CABBIE-OKE by DDB Sydney for Telstra

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CABBIE-OKE

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Industry Telecommunications Services
Media Promo & PR, Case study
Market Australia
Agency DDB Sydney
Creative Director Matt Eastwood
Released September 2009

Credits & Description

Category: Commercial Public Services
Advertiser: TELSTRA
Product/Service: TELECOMMUNICATIONS PROVIDER
Agency: DDB SYDNEY
Date of First Appearance: Feb 5 2010 12:00AM
Entrant Company: DDB SYDNEY, AUSTRALIA
Entry URL: http://www.cabbieoke.com.au
Creative Director: Matt Eastwood (DDB Sydney)
Creative Group Heads: Grant McAloon/Steve Wakelam (DDB Sydney)
Creative Team: John Downing/Matt Knapp/Mike Spirkovski (DDB Sydney)
DDB Board Business Director: Brent Annells (DDB Sydney)
Creative Director Digital: Matt Grogan (DDB Sydney)
Technical Director: Ferdinand Haratua (DDB Sydney)
Developers: Joseph Gultekin/Roy Mogoko (DDB Sydney)
Online Designer: Brent Tunney (DDB Sydney)
Digital Production: Terry O’Toole (DDB Sydney)
Business Management: Veronica Makiv/Anna Kismet/Clare Anderson/Sally Hrouda (DDB Sydney)
Experiential Team: Steve Fontanot/Larissa Best/Michael Ozard (DDB Sydney)
Planning: Dan Pankraz/Peeyoosh Chandra/Nick Andrews/Diane Chua (DDB Sydney)
TV Production: Brenden Johnson/Victoria Bennett (DDB Sydney)
Publicity: Simone Drewry/Erica Valenti/Annabelle Lloyd (Mango PR)
Print Production: Russell Montgomery (DDB Sydney)
Art Buyer: Bryson Holt (DDB Sydney)
Media Strategy: Nick Kavanagh/John Halpin (Naked)
Media: Chris Caley/Teresa Crowther (OMD)
Post-Production: (Chief Entertainment)
Tribal General Manager: Charles Rallings (DDB Sydney)
Media placement: PR Launch - Event/Launch Party/Cab Karaoke/T-Shirts/Hand Out Cards - 16.02.2010
Media placement: Micro Site - Worldwide Web - 5.02.2010
Media placement: Ambient Advertising - Cab Interior - 5.02.2010
Media placement: Social Media/Internet - Facebook/i-Phone/wap Site/You Tube Branded Channel - 5.02.2010
Media placement: Sponsorship - Channel V - 14.02.2010
Media placement: Virals - Worldwide Website - 12.02.2010
Media placement: Competition - In Conjunction With PR Campaign - 12.02.2010
Media placement: Press Launch - Drum Media - 12.02.2010
Media placement: Mobile Banners - Access Through Social Websites - 12.02.2010
Media placement: You Tube Banners - You Tube Website - 12.02.2010

Results and Effectiveness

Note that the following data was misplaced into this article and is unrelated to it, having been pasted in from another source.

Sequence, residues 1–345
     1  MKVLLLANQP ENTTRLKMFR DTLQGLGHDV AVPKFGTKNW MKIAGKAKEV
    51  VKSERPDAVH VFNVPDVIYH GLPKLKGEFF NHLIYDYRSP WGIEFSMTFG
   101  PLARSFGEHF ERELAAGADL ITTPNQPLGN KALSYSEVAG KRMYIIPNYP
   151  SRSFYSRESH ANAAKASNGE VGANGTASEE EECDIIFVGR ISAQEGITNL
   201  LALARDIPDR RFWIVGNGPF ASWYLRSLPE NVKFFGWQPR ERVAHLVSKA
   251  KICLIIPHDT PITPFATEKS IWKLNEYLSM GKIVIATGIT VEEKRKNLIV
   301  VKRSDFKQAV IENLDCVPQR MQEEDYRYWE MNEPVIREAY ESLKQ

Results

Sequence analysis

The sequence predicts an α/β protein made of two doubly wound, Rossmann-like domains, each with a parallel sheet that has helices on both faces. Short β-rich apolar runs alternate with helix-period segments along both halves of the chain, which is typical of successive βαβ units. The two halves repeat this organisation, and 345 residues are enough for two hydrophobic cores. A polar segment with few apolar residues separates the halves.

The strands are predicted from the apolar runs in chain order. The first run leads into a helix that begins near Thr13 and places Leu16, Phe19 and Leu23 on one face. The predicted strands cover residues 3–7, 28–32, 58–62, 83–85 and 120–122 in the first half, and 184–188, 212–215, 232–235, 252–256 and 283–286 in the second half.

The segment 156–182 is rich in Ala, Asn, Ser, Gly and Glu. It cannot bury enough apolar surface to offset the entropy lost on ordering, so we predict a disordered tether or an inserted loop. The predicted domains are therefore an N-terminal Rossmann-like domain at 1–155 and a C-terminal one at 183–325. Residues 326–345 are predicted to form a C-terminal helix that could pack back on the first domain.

Due to popularity, the Cabbie-Oke campaign, originally slated for four weeks, was extended by another month. After four weeks of activity, results include: • 1000+ singers • 75,206 Cabbie-Oke.com.au page views • 35,815 consumers visited site • 36,056 YouTube.com/Cabbie-Oke views • 8,436 consumers sharing the video • 20,039 .mobi page views • 17,180 views Cabbie-Oke viral video • Circulation over 3 million and counting for the highly targeted PR campaign which began a ground swell of online talk and street level coverage. This led to interest from larger media outlets resulting in opportunities with The Today Show and Nova radio.

Creative Execution
We created a media by custom designing and building five fully ‘pimped-out’ Cabbie-Oke cabs. Partnering with key youth brands including Universal Music Australia, the fleet launched in February 2010 cruising nightlife locations in Sydney and Melbourne. With the latest Microsoft Xbox technology and a customised version of the ‘Lips’ karaoke game, passengers choose their favourite tune for a free ride. Cameras captured their performances - the content edited and uploaded onto a branded YouTube channel and microsite within 24 hours. Each weekend, the five best performers won an Xbox 360, while voters got the chance to win a smart phone. We designed the campaign around the customer experience and getting word of mouth impact. Pre-launch, “influentials” were invited to unpublicised, private launch events in underground venues and extensive ongoing social media monitoring enabled us to fix issues identified by youth, ensuring Cabbie-Oke was always the best part of their night.

Insights, Strategy & the Idea
Telstra tasked DDB Group Sydney with creating an underground campaign targeting the youth segment who viewed Telstra as a ‘boring Dad’s brand that didn’t offer value’. The challenge: to reconnect and start a new conversation with young Australians and be seen as culturally relevant for the first time. These 18-24 year-olds crave constant connection, embrace changing subcultures and their mobile phone is their social oxygen. Telstra had to drastically change the way it engaged with these young people and get them thinking ‘What are Telstra going to do next?’ What evolved was a campaign that centred on introducing a behavioural change, making Telstra entertaining and relevant to their social lives. Without overtly pushing the brand, the campaign focused on ‘changing the moment’, embracing ‘culture mashing’ – finding two seemingly unrelated parts of culture (cab rides and karaoke) and connecting them to provide talkability for young people.